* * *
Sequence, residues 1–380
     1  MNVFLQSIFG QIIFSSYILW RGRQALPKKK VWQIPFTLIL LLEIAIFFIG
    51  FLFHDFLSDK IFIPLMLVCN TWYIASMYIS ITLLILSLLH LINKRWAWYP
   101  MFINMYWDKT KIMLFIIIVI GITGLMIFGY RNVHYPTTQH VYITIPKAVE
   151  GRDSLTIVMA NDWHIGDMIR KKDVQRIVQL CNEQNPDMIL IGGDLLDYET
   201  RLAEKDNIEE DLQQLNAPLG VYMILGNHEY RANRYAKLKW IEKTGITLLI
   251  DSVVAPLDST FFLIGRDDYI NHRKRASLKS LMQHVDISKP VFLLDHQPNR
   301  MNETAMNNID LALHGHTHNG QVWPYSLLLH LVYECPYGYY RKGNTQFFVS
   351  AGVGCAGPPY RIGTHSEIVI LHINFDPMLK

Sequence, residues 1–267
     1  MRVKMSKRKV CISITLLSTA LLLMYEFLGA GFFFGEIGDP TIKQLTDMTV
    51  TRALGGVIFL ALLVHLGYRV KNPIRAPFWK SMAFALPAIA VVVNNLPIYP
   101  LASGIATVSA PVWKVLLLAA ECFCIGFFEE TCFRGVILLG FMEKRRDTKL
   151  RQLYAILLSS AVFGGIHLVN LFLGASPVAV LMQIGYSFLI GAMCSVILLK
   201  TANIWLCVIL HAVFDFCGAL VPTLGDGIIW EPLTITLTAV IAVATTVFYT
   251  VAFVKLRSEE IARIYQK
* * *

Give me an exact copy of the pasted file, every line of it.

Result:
Sequence, residues 1–380
     1  MNVFLQSIFG QIIFSSYILW RGRQALPKKK VWQIPFTLIL LLEIAIFFIG
    51  FLFHDFLSDK IFIPLMLVCN TWYIASMYIS ITLLILSLLH LINKRWAWYP
   101  MFINMYWDKT KIMLFIIIVI GITGLMIFGY RNVHYPTTQH VYITIPKAVE
   151  GRDSLTIVMA NDWHIGDMIR KKDVQRIVQL CNEQNPDMIL IGGDLLDYET
   201  RLAEKDNIEE DLQQLNAPLG VYMILGNHEY RANRYAKLKW IEKTGITLLI
   251  DSVVAPLDST FFLIGRDDYI NHRKRASLKS LMQHVDISKP VFLLDHQPNR
   301  MNETAMNNID LALHGHTHNG QVWPYSLLLH LVYECPYGYY RKGNTQFFVS
   351  AGVGCAGPPY RIGTHSEIVI LHINFDPMLK

Sequence, residues 1–267
     1  MRVKMSKRKV CISITLLSTA LLLMYEFLGA GFFFGEIGDP TIKQLTDMTV
    51  TRALGGVIFL ALLVHLGYRV KNPIRAPFWK SMAFALPAIA VVVNNLPIYP
   101  LASGIATVSA PVWKVLLLAA ECFCIGFFEE TCFRGVILLG FMEKRRDTKL
   151  RQLYAILLSS AVFGGIHLVN LFLGASPVAV LMQIGYSFLI GAMCSVILLK
   201  TANIWLCVIL HAVFDFCGAL VPTLGDGIIW EPLTITLTAV IAVATTVFYT
   251  VAFVKLRSEE IARIYQK